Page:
‘Scuse me while I Kiss The Sky…

In the office today, listening to this record, bringing back so many memories I thought I’d write some of them down. This was the second Jimi Hendrix record I bought. The first being the soundtrack to the Motion Picture Jimi Hendrix. I bought my first copy of this record on cassette at The Sound Shop in Columbia, TN. (I can still remember how they smelled when you tore the plastic wrap off and opened the box.How the cassette would rattle in it’s cradle. This one was clear! Cool!) My first Hendrix record is the one that drove me to play guitar, THIS one was my sonic bible. For a Hendrix neophyte, which I was, this was a great way to dive in; music from all over his career. Randomly sequenced, it had no real chronology to it, just Jimi firing it up for 45 minutes. Live stuff mixed with studio stuff. I hadn’t heard any of the original records or 1,000’s of bootlegs at this point so this was all fresh and new to me at this point. This record was released in 1984 (according to wikipedia) so I probably picked it up because it would’ve been the most recent release. This is the tape that I took to my guitar teacher, Doug Thurman, and asked him to teach me Voodoo Chile (Slight Return). Which forced me to learn my first chord and very nearly ended my guitar playing career before it started!
That E chord, yikes! “Just put this finger here…” I felt like my hand would cramp and fall off! I couldn’t make the chord, let alone play a song that required me to use this contortion in it! Something made me keep going though. I went home and locked myself in my room and practiced. A piece of paper with hand drawn dots showing where my fingers go. Sore fingers, blisters. Friday night; “you want to go out? Nah, I’m gonna stay home and practice.” One chord, over and over, sometimes 4 of the 6 strings would ring, sometimes only 2, days went by and by the weekend I was getting all 6 strings to ring a little. Finally, I thought, a little daylight! One chord = 1 week! That’s my formula! Now I know exactly how hard I’ll have to work to get this guitar under control!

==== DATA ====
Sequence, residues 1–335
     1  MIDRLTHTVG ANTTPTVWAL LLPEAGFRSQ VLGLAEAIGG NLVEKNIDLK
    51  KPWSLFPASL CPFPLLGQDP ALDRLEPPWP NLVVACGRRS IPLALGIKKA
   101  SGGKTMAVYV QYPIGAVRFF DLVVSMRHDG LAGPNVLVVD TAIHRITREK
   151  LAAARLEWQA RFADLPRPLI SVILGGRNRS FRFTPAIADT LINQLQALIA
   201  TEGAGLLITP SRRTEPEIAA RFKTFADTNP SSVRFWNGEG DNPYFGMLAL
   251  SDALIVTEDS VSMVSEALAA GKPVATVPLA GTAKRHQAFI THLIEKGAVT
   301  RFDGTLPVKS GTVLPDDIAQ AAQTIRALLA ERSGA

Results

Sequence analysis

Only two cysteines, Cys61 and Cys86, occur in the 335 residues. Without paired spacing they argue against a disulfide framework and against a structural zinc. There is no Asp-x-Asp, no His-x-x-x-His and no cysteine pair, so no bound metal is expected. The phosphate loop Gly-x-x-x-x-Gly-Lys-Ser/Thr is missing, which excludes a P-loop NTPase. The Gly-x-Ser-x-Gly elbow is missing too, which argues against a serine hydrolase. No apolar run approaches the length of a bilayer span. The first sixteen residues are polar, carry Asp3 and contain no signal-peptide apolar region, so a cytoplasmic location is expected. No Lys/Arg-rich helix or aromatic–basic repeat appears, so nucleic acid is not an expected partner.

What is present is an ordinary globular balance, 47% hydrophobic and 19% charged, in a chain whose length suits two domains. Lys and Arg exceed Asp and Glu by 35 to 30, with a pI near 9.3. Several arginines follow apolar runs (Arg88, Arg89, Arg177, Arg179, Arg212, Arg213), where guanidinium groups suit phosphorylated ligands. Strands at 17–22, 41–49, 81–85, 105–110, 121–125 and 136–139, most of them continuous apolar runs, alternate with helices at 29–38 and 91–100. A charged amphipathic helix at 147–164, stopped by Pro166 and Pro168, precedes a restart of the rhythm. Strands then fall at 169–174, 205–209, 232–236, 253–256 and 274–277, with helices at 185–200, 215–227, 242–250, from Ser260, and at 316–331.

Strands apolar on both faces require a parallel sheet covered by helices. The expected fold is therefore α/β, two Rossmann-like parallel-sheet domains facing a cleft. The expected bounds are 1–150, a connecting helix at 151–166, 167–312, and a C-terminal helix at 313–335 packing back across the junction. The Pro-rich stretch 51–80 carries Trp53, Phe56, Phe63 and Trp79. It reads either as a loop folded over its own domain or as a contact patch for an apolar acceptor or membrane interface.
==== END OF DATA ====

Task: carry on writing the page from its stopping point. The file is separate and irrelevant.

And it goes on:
Nah. That’s the beauty and magic of a guitar, it’s just like a woman; once you think you have them figured out, they change BUT you don’t mind the change cause their just that awesome and amazing!

My guitar would give me something and then seem to take it back and then some. She’d give a glimpse at what might be possible and then close the curtain as if to say “But not yet.” The more I dug the more I wanted. The more frustrated I got the harder I practiced. Great sounds would mesh with awful clams so that I was constantly feeling like I was stranded in the ocean just grabbing at anything floating by. Just trying to stay afloat.
I met with Doug once a week (Mondays I think), so I was always in a hurry to learn the next thing. I didn’t have time to learn the solo to Voodoo Chile because I wanted to learn Purple Haze! The next Monday was “show me Red House!”
This was late 1988/89. There’s no internet, no youtube to refer to. You can’t just pull up footage of Jimi playing the songs, or a million guitarists in their homes videoing themselves playing the songs. This is archeology. Sonic Archeology! You had to dig and scrap for any piece of information. By this point, I knew what Jimi looked like from the two cassette covers that I had. I’d bought a poster of Jimi from the Isle of Fehmarn (today I realized where the shot was taken!) Pink pants, multicolored jacket, leopard skin strap! White Stratocaster, man I gotta get one of those!
Doug rented the VHS tape of Jimi Hendrix the movie and invited me over to watch it. 2 hours later, I’m more jazzed than ever. A true disciple! Jimi at Monterey, burning his guitar, Woodstock playing the National Anthem, The Isle Of Wight casually throwing the guitar over his shoulder at the end of his set. I bought the VHS tape and wore it out, bought another one and wore it out, bought a third one, same thing, then they invented DVD’s! (I’m on my 3rd DVD copy as I write this). No MTV in our house yet but we had Night Trax on WTBS out of Atlanta. They showed a clip of Jimi playing the Star Spangled Banner in Berkeley. It came on on Saturday night around 1:00 am. I remember sitting there in the dark in my parents living room, mouth hanging open, in shock! Another piece of the puzzle! Books started flowing into my orbit. Jimi was 27 when he died. He died in London, he was in the 101st Airborne, he’d played in Nashville early in his career, played with Little Richard, King Curtis, Joey Dee…every little piece of information I could find was like a revelation.
So now it’s 2014, I’ve been chasing Jimi’s secrets since 1989 or so so that’s 25 years! Still ain’t playing them right. I’ve met him a couple of times in my dreams but I’m always too excited to remember to ask him anything!